Mr. Hokerk chose the career of
James J. Townsend of Chicago, presi
dent of the Chicago stock exchange, ns
one worthy of emulating, and told how
Mr. Townsend-continued his trade of
shoeing horses. many years after be
went to Chicago to seek his fortun.1,
Iiecanse he realized that it was the
only thing that he could do well.
lie urged the graduating class be
fore him to consider themselves at tht
gateway of life. They should try tv
ascend to the spiritual heights, he said,
to get a true perspective of what lie
before them, and bring back with them
enough of the atmosphere to be a
source of spiritual strength to them
in time of trial.
"When the soul understands and
realizes that it is with God," he said,
"there is no limit to the aspirations
of that soul, nor to the endeavor by
which it will accomplish." In conclud-
ing, he likened them to a fleet of hipsf
starting out from harbor with their
precious cargoes, and prayed that Gou
would bring theio safely to their
heart's desires.
Other Events 'of Goddard's Week.
The events of the week will con
tinue to-night with the business meet
ing and banquet of tho Commercial
Alumni association. The other date
for the week are 11s follows:
Tuesday, June lo, .1 o'clock p. tn.-
Graduation of comun-rciul class, with
address by Attorney Williuui Wishirt
of Barre.
Wednesday. June lfi, S p. m. Con
cert by music department.
Thursday, June 17. 3 p. m. Class
day exercise on the campus; tt p. m.
Prize speaking in seminary hall.
Friday, June IS, 10 a. m. Gradu
ating exercises at seminary hall; 12:30
p. W Dinner, followed by alumni ex
ercises; orator, Frank H. Towsley. '10,
New York City; iioct, Marion M. Ray
menton, 'lfi, Boston. Alumni meeting
after the program; 8 o'clock p. m.
Reception by teachers and class.
ing by automobile and planned to be in
Burlington in lime to start the game by
0:30 daylight -saving time and 8:34)
eastern standard. A large number of
Spaulding students and supporters
made the trip.
Donald F. HcLeod, 12, Had Operation
for Peritonitis.
Donald Fraser Mcleod, !2 yca.--".i 1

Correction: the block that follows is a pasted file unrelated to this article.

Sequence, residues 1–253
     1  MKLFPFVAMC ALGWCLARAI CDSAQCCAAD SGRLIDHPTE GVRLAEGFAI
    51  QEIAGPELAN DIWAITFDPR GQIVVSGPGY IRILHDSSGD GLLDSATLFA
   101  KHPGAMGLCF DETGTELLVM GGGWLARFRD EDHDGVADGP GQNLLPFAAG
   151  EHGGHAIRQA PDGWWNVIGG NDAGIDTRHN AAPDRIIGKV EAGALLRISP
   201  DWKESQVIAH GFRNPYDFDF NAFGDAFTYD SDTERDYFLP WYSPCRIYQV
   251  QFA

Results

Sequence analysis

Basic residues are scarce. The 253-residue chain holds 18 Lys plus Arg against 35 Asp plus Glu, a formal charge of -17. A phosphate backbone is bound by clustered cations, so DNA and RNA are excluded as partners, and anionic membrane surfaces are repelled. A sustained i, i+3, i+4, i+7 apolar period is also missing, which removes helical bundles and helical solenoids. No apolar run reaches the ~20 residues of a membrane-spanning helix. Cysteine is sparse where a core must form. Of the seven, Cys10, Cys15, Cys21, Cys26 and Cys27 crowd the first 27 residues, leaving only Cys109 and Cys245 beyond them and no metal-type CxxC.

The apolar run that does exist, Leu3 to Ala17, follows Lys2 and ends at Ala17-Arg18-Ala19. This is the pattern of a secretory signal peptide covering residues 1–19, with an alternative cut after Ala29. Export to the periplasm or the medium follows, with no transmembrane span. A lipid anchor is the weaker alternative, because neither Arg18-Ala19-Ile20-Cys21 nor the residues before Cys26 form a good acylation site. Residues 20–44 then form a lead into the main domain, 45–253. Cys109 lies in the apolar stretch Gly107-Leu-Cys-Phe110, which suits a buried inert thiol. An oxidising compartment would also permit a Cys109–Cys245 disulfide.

son of Mr. and Mrs. JXnald Y. Mc
Lean1 of 14 Camp atreef, passed ana.-
at the City hospital Sunday afternoon
at 6 o'clock following opeiai.ori
for peritonitis performed Saturday
night. The young fellow did not eoti
plain until be came iron) school Fri
day afternoon and it was not unt !
Saturday that his -ndition warranted
hi removal to the hospital. He was
well liked among his (hum, being cf
an uncomplaining disposition. As a,
member of the graduating class of ho
Presbyterian Sunday school, which ii
attended regularly, he was to have re
ceived a diploma yesterday morning.
The lad was born in Aberdeen. Scot
land, but came to this country when a
year old. He attended school here,
having just completed the work cf ti e
fifth grade at Lincoln school.
Besides hi parents he i survived
Jv two sisters, Catherine and liet:,
and a brother. David.
Tt funeral will lie held from tin
house Wednesday afternoon at 2:,"0
o'clock, Hev. W illiam M. N. K it t rede-,
pastor of the Presbyterian bt.r--h. olV
riafing Clergyroas.
ln1iie prescm-e of a small vmp;inv I
of friends and ielative. Rev. W. McX. (
S"ath Barre Young People UaUee" sn
Bat None of Them Hit the Target,
Artar Alessaadri.
Santia5o, Chile. June 13. An at
tempt to assassinate Arturo A less n
dri. presidential candidate of the lib-
eral alliance, occurred this morning.
Three shot were fired at him. but he
wa uninjured. Senator Alessanlri
vt speaking from t Ue hakonr of
his home when the shot were 8red,
01,1 ms son nisned at ni assailants.
Saturday Evening
Kittredge. ptastor f the Presbyterian' Foriest A. Eastman and Miss Thel
rhurch. united in marriage Ira Ernest! ma M. (.authier, both .f S.uh Barre.
Allen and Mr. Clarence Adeline lngh
lin. Tie ceremony was performed at
the manse Saturday evening at S
o'clock, the double ring service being
nwed. 1 be lirme is a oaugmer 11
William Greig
the groom a son of VJeorge A'len of
Barre. The groom 1 a stonecutter f v
were united in marriage at the home
of the officiatirg clergyman. Rev.
James A. Rairage. at (arop street.
Saturday evening, the tingle ring serv
ice being used. They Acre una"roc;cd
f South Barre and (The Wide ; the daughter of Mr. and
Mrs. Fred Gauthicr of Vast Barre
After a short wed,f:rg trip. M' and
Mr, l-astmsn w iil resule e the grort
trade. After a honevmin, spent
Bethel, the couple eipe-t to at j farm in s.ejtr. ImiTe.
home to fheir friends in Smth Bsrre. 1
where thev take up their rci.lco.s-. j j ,o,j and Nn are to beg ;i
j n fhe erection of an ur to-ds'e
Robert Thiers ret "ned to .isr fr, ' nnA sla'u r. bo at Barre Th-
disturbing the would be assassin ann ll tpon. V V- w l,-c for vwt.,1 1 Unt will I bc;t res th" l2ioa4
so that the last two bullet flew wild.
weeks be Las I -n rn p'e veo
wit! a tfi- I ml. ( 1 laad ug i.'.